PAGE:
Two top research professors from Mississippi State University are joining the leadership of the Northern Gulf Institute. Robert J. Moorhead, the university’s Billie J. Ball Distinguished Professor of Electrical and Computing Engineering, and Donald C. Jackson, Sharp Distinguished Professor of Fisheries, have been selected to serve as NGI director and deputy director, respectively. Moorhead is also director of the Geosystems Research Institute, the founding entity for NGI.
Moorhead has an extensive background in scientific visualization research having served as director of the Visualization, Analysis and Imaging Laboratory and deputy director of the Computational GeoSpatial Technologies Center. He was the deputy director of the GRI at MSU prior to taking the lead at both GRI and NGI. His current research interests include computationally demanding visualization and analysis issues.
Moorhead received a bachelor of science degree in electrical engineering from Geneva College in Beaver Falls, Pa., and a doctorate in electrical and computer engineering from North Carolina State University. Prior to coming to MSU, he was a research staff member at the IBM T.J. Watson Research Center. He served six years as summer faculty at the Naval Oceanographic Office, Stennis Space Center, and was the scientific visualization research thrust leader in the MSU National Science Foundation Engineering Research Center for Computational Field Simulation. He has worked extensively with both NASA and the Naval Research Lab at Stennis Space Center in various research projects over the last 15 years.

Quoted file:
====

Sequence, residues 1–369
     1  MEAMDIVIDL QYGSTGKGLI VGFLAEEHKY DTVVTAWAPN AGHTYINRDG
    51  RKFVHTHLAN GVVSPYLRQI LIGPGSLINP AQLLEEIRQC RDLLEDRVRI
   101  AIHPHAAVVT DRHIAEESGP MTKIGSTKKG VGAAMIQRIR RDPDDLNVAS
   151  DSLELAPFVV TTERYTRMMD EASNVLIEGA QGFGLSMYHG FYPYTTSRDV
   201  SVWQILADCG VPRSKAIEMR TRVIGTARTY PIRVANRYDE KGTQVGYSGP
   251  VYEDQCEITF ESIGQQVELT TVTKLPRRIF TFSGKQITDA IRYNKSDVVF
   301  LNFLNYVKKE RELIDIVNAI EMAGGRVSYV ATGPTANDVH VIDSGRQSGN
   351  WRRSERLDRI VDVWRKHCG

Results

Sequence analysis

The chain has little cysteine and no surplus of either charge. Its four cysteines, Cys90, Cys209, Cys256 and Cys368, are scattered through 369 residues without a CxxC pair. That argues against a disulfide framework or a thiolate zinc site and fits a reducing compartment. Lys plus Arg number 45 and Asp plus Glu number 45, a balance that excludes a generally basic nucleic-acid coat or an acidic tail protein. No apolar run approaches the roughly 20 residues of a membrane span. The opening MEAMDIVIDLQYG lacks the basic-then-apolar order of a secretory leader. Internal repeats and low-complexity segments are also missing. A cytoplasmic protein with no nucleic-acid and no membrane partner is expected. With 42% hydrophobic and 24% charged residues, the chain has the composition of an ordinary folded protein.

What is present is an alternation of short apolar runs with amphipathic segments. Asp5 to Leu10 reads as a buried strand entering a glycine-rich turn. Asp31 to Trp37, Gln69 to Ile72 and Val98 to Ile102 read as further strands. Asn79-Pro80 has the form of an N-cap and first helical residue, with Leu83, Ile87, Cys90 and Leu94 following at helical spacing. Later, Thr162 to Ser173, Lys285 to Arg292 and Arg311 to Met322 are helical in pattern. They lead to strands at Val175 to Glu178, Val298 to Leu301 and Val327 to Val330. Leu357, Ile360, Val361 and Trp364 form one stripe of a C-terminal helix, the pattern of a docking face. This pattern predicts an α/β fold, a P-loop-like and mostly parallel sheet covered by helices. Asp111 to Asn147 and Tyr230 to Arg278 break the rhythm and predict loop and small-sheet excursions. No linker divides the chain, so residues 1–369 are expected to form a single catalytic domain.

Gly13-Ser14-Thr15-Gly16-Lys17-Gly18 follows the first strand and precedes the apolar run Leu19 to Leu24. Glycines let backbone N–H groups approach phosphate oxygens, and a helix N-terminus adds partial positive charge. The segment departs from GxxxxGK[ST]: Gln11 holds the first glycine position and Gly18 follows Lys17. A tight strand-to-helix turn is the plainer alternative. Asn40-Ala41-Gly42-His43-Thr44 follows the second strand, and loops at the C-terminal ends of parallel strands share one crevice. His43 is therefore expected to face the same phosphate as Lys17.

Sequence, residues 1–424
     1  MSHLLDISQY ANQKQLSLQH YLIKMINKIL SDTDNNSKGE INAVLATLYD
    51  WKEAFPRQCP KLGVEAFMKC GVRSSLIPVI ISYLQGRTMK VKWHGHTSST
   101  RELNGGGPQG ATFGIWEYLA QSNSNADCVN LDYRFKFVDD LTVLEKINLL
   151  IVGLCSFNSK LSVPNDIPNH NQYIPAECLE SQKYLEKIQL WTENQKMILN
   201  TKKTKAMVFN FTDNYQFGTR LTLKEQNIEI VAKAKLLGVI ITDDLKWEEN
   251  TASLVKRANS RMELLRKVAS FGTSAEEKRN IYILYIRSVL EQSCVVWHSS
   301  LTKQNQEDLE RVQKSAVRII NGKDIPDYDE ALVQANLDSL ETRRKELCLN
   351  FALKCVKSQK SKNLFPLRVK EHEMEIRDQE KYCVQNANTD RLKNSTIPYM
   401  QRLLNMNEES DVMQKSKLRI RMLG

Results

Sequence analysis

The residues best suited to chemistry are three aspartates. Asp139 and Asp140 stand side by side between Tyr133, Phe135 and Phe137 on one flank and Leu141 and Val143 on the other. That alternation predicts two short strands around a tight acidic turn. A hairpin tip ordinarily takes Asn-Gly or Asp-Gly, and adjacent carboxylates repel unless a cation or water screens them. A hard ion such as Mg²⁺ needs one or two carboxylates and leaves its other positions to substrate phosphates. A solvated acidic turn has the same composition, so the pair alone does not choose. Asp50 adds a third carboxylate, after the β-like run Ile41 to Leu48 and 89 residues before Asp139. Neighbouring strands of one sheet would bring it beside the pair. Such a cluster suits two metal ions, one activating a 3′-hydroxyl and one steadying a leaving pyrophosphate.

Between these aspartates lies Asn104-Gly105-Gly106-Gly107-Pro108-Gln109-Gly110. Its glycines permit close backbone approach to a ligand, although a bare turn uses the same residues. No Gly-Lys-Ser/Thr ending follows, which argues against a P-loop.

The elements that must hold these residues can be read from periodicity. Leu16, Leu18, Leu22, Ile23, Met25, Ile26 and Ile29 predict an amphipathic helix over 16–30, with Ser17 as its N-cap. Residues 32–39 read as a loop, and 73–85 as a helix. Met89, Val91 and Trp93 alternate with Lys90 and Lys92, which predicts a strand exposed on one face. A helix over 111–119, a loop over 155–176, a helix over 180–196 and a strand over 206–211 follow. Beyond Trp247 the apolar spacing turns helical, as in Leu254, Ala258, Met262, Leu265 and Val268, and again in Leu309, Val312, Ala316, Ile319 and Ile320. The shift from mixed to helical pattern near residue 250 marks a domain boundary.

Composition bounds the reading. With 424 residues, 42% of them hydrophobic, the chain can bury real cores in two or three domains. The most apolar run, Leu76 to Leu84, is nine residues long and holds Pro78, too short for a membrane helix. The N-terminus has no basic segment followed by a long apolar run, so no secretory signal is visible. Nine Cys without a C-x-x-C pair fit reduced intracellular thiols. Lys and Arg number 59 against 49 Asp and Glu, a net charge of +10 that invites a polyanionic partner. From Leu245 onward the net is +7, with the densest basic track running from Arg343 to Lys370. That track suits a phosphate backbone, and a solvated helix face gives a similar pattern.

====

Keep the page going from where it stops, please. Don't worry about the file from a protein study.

Jackson comes to NGI from MSU’s department of wildlife, fisheries and aquaculture, most recently focusing in river and coastal zone fisheries research, management, and Development. His most recently published work dealt specifically with fisheries ecology and management following hurricanes. He recently served as president of the American Fisheries Society. He also has served as president of the Mississippi Wildlife Federation. He is a past recipient of the Mississippi Wildlife Federation’s Fisheries Conservationist of the Year Award, the American Fisheries Society Fisheries Management Section’s Award of Excellence, and was elected a Fellow in the American Institute of Fisheries Research Biologists.
Jackson received a bachelor’s degree in zoology and a master’s in zoology/limnology from the University of Arkansas, and a doctorate in fisheries management from Auburn University. He has worked on international fisheries assignments in Southeast Asia, Africa, Latin America, the Caribbean, and Europe.
In addition to his position with Mississippi State, he is an adjunct professor with the Malaysian University of Science (Universiti Sains Malaysia–Penang). In this capacity he successfully helped Mississippi State establish a long-term memorandum of agreement for collaborative work and faculty and student exchanges in natural resources.